[2]The book also offers Battle Royal as a scenario setup (but warns it can be time-consuming) and hybrids of the various types.

[3]It’s an increasingly common thing in Japanese TRPGs that the GM gives players “handouts” that set up where their respective PCs fit into the story. I’m sure it would get mixed reactions from Western gamers, but it also seems like it’s one of the things that would make Shinobigami sing in actual play.

Ewen vs. Slime Story

Slime Story continues to be a game that fights against its own completion every step of the way. I tried to do a very simple test of the conflict rules by myself–let’s have Phoebe and Matt have an argument!–and it totally fell apart. But, as has been the case since the beginning, each step leaves me with a bit more usable stuff.

(Joe Hunter Archetype illo by StreyCat)

Aside from the fact that just because stuff sounds good on paper doesn’t mean it’s actually going to work (something every designer knows, or will learn very quickly), there are two Slime Story specific things I noticed:

First, making players spend their one action for the round on changing footing doesn’t work with the game as written. It works with the range map in 3:16, but then 3:16 works quite a bit differently. This led me to have “Full Actions” and “Maneuver Actions”, and you can take one of each (or two Maneuvers) during your turn. This lets players change footing before (but not after!) attacking, and lets me put some other nifty things into the game. Of course, it also makes the rules a little more baroque, and a bit more like 4e. This will hopefully alleviate the overwhelmingly optimum status of planting oneself in one footing and making an attack every round.

Secondly, the death spiral sucks. I originally had it as a -1 penalty for each point of Stress a character takes, but when you’re rolling 2d6+Attribute (ranks range from 4 to 10 or so for starting characters), getting hit with a -3 penalty from taking one hit is just too damn much. I need to find the right balance between giving players an incentive to avoid damage, and punishing them too severely for taking it.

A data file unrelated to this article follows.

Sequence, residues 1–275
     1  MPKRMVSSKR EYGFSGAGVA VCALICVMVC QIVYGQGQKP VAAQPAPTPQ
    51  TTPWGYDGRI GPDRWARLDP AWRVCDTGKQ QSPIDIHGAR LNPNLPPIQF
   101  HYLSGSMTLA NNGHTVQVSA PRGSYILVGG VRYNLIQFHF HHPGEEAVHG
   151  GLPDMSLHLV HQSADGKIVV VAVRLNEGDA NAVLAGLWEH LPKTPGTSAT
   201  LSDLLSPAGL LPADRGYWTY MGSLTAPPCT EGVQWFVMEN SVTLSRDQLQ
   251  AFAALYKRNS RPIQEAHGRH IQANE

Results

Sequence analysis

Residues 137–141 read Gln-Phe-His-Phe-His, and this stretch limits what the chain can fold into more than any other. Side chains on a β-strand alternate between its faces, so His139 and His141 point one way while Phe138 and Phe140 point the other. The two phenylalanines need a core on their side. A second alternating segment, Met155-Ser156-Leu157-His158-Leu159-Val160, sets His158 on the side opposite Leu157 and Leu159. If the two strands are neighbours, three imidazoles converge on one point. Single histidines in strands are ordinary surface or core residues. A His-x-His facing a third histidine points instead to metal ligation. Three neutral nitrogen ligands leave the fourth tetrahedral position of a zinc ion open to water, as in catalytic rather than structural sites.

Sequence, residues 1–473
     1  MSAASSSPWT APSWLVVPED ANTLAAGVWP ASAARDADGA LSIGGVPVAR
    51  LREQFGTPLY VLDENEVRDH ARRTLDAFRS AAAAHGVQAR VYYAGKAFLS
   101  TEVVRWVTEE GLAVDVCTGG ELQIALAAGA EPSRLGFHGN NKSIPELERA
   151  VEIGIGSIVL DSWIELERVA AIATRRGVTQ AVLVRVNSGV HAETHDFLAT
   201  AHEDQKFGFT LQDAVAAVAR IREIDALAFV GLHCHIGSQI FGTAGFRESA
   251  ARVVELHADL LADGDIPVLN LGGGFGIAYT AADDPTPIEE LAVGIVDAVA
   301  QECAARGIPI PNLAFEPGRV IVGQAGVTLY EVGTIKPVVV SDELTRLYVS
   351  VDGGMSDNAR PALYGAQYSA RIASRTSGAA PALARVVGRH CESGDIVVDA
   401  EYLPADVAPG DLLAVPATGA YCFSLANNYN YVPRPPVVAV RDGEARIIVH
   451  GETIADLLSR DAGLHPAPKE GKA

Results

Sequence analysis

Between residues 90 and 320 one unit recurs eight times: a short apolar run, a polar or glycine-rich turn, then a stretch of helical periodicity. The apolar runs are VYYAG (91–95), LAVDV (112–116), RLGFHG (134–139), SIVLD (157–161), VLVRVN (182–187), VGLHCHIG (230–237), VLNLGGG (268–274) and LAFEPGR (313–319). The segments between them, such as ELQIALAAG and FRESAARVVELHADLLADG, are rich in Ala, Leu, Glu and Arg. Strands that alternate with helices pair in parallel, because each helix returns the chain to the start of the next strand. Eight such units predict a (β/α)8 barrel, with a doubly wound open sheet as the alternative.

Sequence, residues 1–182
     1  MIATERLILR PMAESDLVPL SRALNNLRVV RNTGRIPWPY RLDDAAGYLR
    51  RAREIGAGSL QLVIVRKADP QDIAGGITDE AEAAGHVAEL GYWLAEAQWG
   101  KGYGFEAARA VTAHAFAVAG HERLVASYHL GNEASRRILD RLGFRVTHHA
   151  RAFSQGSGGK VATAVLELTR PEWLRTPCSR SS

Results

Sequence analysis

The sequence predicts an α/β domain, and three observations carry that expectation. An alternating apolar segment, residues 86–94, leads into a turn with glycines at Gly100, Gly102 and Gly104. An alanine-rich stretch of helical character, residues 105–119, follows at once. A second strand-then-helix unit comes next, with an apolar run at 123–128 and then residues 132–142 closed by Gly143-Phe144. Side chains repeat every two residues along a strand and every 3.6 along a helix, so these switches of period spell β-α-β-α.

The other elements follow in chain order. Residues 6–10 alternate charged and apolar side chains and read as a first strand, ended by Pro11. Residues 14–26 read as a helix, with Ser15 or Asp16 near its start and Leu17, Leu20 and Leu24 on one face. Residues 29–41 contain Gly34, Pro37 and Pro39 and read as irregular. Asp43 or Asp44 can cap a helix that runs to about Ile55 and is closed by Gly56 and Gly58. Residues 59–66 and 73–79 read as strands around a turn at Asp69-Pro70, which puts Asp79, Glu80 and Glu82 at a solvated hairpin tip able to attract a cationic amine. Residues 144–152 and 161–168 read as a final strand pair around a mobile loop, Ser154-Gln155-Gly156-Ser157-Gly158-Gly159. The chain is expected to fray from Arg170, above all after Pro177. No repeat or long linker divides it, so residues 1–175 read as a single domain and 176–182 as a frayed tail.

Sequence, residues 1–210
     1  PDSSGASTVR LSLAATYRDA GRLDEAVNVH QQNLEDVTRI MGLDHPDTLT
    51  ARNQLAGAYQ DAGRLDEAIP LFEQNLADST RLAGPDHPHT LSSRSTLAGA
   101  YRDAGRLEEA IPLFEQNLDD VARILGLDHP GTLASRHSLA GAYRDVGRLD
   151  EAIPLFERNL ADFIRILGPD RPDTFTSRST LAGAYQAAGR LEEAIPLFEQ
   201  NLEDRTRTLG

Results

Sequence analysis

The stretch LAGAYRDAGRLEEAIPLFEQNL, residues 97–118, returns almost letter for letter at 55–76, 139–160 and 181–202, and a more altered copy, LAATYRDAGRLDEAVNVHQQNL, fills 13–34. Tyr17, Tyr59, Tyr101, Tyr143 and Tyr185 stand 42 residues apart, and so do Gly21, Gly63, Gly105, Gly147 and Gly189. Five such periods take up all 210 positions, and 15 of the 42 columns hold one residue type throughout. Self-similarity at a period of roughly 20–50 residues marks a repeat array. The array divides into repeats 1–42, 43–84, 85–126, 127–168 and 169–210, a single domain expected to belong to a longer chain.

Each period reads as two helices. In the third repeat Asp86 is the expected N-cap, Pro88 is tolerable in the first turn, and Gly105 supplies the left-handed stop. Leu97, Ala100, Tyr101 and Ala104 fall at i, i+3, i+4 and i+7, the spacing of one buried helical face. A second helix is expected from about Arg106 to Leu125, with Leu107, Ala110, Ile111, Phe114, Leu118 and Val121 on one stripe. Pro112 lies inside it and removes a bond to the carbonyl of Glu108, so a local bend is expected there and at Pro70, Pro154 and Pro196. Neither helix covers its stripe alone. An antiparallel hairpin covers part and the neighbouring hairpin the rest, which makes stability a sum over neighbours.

Once I get the conflict rules down, I’ll have the proper chassis on which to mount the rest of the game. Probably the single biggest reason I’ve been procrastinating on working on the game more is that I have to get this one highly mechanical and game-y part of things all nailed down before I can really go any further. The Talent descriptions and monster writeups all depend heavily on interacting with the conflict rules, so I’d be wasting my time if I tried to work on them, even if they’re potentially more candy-like and interesting.

In Other News: Shinobigami
I special-ordered a copy of Shinobigami (“Ninja God”), published by Role&Roll Books, and designed by none other than Toichiro Kawashima, designer of Meikyuu Kingdom and Satasupe. The game is sold in the form of a small paperback, and it’s uniquely Japanese in that the book starts with a 160-page replay (littered with explanations of the game), and then has about 60 or 70 pages of actual rules. The game is about modern-day ninja with over-the-top powers having epic battles. I’ll be posting more about this when I’ve had a chance to read through it, which will probably take a while. I’m especially intrigued by the “Velocity System”, which involve a chart that goes from 0 (Mundane) to 7 (FTL).